Truck-climbing lanes that would allow motorists to pass big rigs traveling on Highway 58 from Bakersfield to Tehachapi may be a future project due to a new study Caltrans is endeavoring to complete by next summer.

“We want to make sure we are doing the work right and putting the lanes in the proper places for truck drivers and motorists,” said Florene Trainor, public information officer for Caltrans District nine.

Lanes are being considered from Bealville Road all the way to Tehachapi. They would help eastbound traffic pass slow-moving trucks and recreation vehicles, which at times travel at slow speeds on high grade points.

Some of these grade points are found between General Beale to Bena Road, Caliente and Hart Flat and Keene Road to Broome Road, said a Project Initiation Document in 2005 from Caltrans.

Caltrans is developing a new document that studies the road sections, the estimated cost, materials, right of ways, tree removal and drainage. This is estimated to be completed June 30, 2019, Trainor said.

Ahron Hakimi, executive director of Kern Council of Governments, said the organization will work with Caltrans and the city of Tehachapi to help further projects that help improve safety. He added that big rigs can suddenly slow motorists who were traveling at speeds of 70 mph to 30 miles per hour.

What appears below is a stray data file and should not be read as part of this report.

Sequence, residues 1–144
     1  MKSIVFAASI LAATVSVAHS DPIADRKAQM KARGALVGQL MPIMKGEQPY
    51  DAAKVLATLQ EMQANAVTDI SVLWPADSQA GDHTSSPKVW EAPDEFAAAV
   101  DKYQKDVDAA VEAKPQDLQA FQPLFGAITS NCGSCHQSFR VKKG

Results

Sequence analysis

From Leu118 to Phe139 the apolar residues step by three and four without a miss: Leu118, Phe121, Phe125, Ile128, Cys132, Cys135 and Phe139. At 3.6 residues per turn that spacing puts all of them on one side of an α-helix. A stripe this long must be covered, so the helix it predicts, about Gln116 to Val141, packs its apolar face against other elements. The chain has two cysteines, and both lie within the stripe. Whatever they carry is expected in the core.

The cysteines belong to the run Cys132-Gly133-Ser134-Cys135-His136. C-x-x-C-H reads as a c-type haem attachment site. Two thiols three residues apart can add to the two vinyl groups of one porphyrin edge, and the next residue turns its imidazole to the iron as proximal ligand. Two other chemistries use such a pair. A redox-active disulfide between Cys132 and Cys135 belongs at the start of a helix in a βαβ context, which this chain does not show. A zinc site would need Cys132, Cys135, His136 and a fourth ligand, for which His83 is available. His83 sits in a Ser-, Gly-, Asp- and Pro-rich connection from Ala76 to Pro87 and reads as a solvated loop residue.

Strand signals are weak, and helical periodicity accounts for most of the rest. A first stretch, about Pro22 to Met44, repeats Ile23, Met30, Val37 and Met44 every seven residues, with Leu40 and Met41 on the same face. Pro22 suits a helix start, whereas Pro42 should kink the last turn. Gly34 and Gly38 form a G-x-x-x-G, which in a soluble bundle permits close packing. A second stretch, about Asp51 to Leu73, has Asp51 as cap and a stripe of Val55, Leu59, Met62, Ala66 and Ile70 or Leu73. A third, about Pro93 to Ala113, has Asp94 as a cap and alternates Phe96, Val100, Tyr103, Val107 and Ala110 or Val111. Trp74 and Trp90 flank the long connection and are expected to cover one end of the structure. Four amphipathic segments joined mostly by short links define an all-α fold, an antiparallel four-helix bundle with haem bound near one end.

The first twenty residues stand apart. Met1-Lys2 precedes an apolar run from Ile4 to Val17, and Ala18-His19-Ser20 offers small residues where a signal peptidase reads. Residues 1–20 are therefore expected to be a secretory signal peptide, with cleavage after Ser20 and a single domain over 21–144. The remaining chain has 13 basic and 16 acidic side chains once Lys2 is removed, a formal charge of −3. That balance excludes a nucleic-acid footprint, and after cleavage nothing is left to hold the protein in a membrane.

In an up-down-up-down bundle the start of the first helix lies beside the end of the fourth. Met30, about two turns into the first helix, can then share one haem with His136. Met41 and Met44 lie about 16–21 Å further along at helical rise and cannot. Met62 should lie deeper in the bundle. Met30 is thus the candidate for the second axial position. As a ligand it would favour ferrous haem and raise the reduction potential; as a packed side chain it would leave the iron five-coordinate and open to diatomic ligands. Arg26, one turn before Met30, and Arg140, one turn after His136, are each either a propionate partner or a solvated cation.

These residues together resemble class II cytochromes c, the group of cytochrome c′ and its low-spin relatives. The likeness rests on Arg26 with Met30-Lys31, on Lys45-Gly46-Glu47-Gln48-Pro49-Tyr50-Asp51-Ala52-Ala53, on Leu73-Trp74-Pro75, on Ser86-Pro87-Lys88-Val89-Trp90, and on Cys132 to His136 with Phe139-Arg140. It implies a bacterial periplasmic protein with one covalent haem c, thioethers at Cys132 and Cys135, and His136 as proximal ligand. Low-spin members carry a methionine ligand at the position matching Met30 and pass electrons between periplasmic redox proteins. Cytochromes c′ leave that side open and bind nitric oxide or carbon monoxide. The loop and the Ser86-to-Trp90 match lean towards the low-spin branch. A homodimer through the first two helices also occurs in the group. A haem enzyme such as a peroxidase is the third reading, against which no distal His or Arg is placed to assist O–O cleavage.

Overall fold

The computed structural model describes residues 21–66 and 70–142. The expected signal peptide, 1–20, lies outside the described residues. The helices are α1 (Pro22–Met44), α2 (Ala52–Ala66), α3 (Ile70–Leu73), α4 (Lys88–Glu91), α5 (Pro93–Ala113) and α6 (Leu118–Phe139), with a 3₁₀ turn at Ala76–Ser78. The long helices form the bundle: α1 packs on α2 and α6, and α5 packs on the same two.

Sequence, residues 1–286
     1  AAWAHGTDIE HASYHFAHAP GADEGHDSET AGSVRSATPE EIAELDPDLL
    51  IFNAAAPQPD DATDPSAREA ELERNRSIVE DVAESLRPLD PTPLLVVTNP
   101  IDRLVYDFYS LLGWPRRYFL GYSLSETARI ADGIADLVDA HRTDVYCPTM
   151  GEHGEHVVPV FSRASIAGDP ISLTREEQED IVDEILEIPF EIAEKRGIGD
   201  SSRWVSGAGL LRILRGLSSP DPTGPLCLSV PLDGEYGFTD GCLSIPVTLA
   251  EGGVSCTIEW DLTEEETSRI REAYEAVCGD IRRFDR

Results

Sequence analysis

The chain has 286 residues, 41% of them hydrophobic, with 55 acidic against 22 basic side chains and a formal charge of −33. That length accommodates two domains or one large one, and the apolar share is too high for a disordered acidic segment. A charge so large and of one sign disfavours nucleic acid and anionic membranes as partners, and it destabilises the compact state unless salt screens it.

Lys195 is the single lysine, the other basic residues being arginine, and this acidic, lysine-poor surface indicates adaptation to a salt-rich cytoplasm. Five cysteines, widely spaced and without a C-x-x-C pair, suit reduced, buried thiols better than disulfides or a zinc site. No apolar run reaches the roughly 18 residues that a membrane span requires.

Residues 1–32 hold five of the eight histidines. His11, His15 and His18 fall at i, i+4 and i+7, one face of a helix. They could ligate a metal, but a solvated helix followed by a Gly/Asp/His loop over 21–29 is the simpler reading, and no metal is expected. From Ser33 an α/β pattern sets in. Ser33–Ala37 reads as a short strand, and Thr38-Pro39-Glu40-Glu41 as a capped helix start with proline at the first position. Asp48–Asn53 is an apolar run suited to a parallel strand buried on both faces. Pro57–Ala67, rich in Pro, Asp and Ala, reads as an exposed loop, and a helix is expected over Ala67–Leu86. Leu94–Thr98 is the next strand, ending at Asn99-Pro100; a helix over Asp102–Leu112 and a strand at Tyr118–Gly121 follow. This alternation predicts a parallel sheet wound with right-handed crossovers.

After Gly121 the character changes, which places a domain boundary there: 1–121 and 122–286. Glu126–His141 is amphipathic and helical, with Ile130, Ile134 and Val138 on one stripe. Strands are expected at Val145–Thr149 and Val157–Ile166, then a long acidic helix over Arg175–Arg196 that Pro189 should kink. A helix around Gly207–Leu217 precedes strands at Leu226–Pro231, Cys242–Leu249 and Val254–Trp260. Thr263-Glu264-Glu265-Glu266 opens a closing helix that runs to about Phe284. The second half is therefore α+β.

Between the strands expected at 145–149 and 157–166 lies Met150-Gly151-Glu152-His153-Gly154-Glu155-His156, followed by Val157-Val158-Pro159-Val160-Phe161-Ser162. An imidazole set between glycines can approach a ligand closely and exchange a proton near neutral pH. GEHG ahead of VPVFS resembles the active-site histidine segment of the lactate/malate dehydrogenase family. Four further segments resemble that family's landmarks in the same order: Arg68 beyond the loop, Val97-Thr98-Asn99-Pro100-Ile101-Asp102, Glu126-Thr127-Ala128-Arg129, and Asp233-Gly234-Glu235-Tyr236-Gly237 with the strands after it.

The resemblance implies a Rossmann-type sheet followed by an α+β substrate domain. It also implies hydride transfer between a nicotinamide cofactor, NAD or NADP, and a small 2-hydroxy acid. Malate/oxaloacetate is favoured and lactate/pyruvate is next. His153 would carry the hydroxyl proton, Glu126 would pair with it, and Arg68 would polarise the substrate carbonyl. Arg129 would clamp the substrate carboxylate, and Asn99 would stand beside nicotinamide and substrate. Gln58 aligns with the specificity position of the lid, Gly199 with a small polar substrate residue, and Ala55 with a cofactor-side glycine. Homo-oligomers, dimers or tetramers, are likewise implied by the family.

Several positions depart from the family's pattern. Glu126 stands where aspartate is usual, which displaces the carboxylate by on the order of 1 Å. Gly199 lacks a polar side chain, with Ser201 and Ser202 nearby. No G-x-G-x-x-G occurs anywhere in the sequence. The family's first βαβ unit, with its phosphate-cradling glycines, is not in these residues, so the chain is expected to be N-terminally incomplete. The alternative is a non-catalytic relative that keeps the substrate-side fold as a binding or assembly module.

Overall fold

“We would like Caltrans to look at all locations they looked at in 2005 and see whether those locations are exactly where they do slow down and if they are not, to make corrections,” Hakimi said.

Once the PID is complete, Caltrans will reach out to organizations to help with funding, Trainor said. Cost estimates for each section in 2005 were $5 million to $10 million to complete. Passing lanes from General Beale Road to Tehachapi were considered, but the cost of inflation can affect price change over time, according to the 2005 study.

Funding for these highway projects may again be nonexistent if capital is cut.

Transportation funds from SB1 could qualify to help pay for these projects, but if the bill is repealed on Nov. 6, funding may not be available or they will again be delayed or deleted entirely, said Trainor. She added that half of $54 billion in transportation funds for highways and roads could be lost, since it would go to local streets and counties.

"We are not for or against SB1. We are trying to educate the public and if it does go through there are additional projects that can be funded, but if it gets repealed then a lot of options can go away,” said Trainor.